This chapter (I) We celebrate the 20th anniversary of the introduction of the Euro by reviewing one of the key elements: the integration of the Eurozone financial markets. Introducing a multivariate volatility test based on the asymmetrical BEKK (ABEKK) multivariate GARCH model of volatility to analyse the stable market pre-condition hypothesis of the integrated Eurozone equity markets across the euro’s timeline. Extending our analysis to the impact of the rise of the populist political movement on the Eurozone financial markets during the last few years. The first and most important contribution is the introduction of a multivariate volatility test based on the ABEKK to analyse the stability of the integration in the Eurozone equity markets. However, another key contribution is the analysis of a period where the whole concept of European integration is coming into question by the rise of the populist political movement. This research could be of importance to the ECB in stabilising the Eurozone financial markets as well as market participants in portfolio optimization within the Eurozone. Our results point to a difference in financial market integration depending on the definition. The empirical evidence found that market participants tend to react differently according to the affinity of the market participants to the event/news. In essence, market participants are driven by the “time and space” effect. This would point to evidence that the Eurozone equity markets was never truly integrated in the econometrics sense as defined later on. However, our literature review did identify evidence that the Eurozone equity markets was integrated in accordance with the definition of Baele et al., (2004). Hence it really does depend on the definition used. Generally, our policy recommendations are for a committee to be setup to unify the communication and actions of the European Union during crises. A better way of communicating the work and concept of the European Union to the population. Finally, a slower paced policy of integration to overcome the sense of loss national identity which recently many are plying on.
This chapter (II) The recent UK referendum results and subsequent initiation of Article 50 in the 2007 Lisbon Treaty set in motion the UK’s withdrawal from the European Union, acknowledge as Brexit. The result and subsequent action were unprecedented and for many unforeseeable. Apart from the political instability and division of the country, the complicated and long process of Brexit have both economic and financial consequences. With this in mind, we analyse the impact of Brexit on four main British financial markets: Equity, Foreign Exchange, Gold and Sovereign Debt; using daily data. We extendthe variance bound test proposed by Fakhry & Richter (2018) underpinned by an asymmetrical C-GARCH-m model of volatility. Unlike many in the past, we placed the emphasis on the stable markets; thus introducing the stable marketpre-condition hypothesis. We analyse the long and short run effects of Brexit on the stability of the UK’s financial market. Our results hint at a certain impact on the UK’s financial market in both the long and short runs on the market stability and hence efficiency. This seems to be dictated by the reaction of market participants to uncertainty surrounding the future of the UK
The aim of this chapter (III) We review the EU’s actions over the euro’s lifetime; since its introduction thru to the populist uprising of the late 2010s. The euro was introduced on a wave of optimism throughout the EU, although based on a compromised monetary agreement. Essentially, underlining the crisis and movement from optimism to pessimism in the EU integration road. Thus, it is hard to analyse the euro without reviewing the theories influencing this road. Furthermore, we analyse the long and short-run market stability of the euro FX market using the variance bound model of (Fakhry & Richter, 2018). However, it is difficult to explain the market analysis without referencing behavioural finance. Thus we use key elements of behavioural finance, such as the opposite scale behaviours of greed and fear, to fully explain the timeline analysis of the euro FX market stability in both the long and short runs. At first glance, the result was unexpected due to the critical factor that the market was significantly volatile in the long run; despite conventional wisdom dictating that in the long-run, the financial markets are generally stable. One possible explanation is that the market participants are fearful of the long-run future of the Euro.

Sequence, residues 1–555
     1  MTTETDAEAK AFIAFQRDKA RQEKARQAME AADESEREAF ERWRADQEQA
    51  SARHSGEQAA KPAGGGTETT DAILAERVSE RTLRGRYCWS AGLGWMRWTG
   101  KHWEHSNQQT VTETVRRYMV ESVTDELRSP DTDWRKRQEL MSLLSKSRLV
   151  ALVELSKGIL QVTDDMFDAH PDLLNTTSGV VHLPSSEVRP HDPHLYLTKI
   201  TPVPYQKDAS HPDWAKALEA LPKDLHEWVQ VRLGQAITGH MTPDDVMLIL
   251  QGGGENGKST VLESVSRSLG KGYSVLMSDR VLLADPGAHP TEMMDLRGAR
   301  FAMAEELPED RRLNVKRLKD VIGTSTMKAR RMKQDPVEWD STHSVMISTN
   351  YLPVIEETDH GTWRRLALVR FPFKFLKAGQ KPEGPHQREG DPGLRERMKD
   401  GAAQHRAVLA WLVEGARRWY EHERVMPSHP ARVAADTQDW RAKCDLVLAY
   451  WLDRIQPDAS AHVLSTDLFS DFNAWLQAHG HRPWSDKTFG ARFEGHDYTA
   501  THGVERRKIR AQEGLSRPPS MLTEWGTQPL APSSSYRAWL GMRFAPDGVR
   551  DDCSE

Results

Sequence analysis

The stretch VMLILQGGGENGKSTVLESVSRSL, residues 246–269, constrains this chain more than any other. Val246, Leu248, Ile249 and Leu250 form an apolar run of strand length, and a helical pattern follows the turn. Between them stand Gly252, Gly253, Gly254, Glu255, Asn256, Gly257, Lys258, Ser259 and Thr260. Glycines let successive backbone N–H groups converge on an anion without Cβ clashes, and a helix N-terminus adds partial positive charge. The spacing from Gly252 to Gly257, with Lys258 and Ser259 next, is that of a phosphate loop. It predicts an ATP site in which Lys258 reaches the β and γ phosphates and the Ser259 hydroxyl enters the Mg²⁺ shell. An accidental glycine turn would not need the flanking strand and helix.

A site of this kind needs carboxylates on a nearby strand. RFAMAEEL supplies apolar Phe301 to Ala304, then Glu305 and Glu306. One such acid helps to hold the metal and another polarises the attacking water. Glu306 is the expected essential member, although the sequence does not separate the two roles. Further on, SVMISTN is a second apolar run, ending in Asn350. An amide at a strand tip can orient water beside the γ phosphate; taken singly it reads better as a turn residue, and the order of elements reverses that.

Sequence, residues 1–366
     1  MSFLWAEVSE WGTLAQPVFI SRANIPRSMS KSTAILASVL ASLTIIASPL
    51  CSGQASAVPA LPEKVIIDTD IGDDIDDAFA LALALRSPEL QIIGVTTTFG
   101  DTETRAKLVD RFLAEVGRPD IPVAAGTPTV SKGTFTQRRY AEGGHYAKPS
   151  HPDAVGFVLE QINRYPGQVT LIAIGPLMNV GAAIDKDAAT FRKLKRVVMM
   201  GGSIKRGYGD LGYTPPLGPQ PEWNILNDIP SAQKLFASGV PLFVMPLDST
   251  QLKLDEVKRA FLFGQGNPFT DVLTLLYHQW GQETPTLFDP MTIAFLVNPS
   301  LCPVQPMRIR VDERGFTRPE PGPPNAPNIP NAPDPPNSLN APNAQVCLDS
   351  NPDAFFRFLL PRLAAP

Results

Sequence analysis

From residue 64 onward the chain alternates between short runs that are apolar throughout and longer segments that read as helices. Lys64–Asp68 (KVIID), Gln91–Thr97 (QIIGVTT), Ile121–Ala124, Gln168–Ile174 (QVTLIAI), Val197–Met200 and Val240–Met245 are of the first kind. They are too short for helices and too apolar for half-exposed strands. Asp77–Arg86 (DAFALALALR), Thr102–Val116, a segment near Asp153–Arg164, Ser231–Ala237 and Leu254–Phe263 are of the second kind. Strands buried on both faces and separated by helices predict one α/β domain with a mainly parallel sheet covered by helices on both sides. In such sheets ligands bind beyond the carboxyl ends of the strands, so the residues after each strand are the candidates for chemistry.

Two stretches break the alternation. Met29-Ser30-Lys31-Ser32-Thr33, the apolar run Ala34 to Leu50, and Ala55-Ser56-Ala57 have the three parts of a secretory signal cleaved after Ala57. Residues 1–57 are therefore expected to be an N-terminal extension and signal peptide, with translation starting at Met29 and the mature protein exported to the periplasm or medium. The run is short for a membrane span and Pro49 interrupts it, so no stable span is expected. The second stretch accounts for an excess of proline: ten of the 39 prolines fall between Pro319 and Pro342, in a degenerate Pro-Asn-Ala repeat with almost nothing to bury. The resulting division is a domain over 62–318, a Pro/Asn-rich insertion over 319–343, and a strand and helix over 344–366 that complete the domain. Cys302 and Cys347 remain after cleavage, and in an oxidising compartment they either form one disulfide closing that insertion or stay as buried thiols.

The purpose of this chapter (IV) We review market participants’ actions and the EU afterthe introduction of the euro and during the crises period and Brexit process. The crucial factor is the feedback effect in the reactions of the market participants and the EU. The euro was introduced in a compromised monetary union agreement, essentially underlining the European integrative process issues that were highlighted by the euro crises. Hence, for this reason, it is hard to explain the euro crises without referencing the European integration theories. On the other hand, it is difficult to understate the behavioural factors, including greed and fear, in the full explanation of thecrises. At the heart of this research is the introduction of a new model of testing the stability of the market extending the variance bound test of (Fakhry & Richter, 2015) underpinned by a Markov Switching GARCH model. We analyse the stability of the Euro FX Market from 1st January 1999 to 31st December 2019. We found a mixture of over and under reactions defining the three sub-periods which given the Euro heuristic influencing both the market participants’ and EU’s views seem to be an acceptable result.
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